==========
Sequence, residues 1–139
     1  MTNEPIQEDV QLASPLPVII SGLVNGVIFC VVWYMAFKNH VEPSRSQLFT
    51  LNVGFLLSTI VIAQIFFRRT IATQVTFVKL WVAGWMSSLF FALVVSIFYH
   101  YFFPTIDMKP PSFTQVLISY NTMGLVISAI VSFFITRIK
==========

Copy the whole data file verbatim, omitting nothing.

Sequence, residues 1–139
     1  MTNEPIQEDV QLASPLPVII SGLVNGVIFC VVWYMAFKNH VEPSRSQLFT
    51  LNVGFLLSTI VIAQIFFRRT IATQVTFVKL WVAGWMSSLF FALVVSIFYH
   101  YFFPTIDMKP PSFTQVLISY NTMGLVISAI VSFFITRIK